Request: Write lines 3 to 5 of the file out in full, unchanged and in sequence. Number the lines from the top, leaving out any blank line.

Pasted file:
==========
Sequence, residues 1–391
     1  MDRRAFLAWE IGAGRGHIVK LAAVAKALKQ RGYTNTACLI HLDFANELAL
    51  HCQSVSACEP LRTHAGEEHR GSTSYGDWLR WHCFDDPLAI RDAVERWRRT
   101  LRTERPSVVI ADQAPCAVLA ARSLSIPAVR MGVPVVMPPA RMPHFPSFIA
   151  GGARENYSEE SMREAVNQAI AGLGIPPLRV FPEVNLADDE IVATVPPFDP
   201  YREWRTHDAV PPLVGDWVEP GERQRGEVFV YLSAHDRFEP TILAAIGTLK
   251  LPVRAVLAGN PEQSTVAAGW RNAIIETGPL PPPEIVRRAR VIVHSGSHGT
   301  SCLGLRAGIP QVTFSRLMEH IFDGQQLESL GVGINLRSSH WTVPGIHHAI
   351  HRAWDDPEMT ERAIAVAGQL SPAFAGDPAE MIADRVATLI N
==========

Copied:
    51  HCQSVSACEP LRTHAGEEHR GSTSYGDWLR WHCFDDPLAI RDAVERWRRT
   101  LRTERPSVVI ADQAPCAVLA ARSLSIPAVR MGVPVVMPPA RMPHFPSFIA
   151  GGARENYSEE SMREAVNQAI AGLGIPPLRV FPEVNLADDE IVATVPPFDP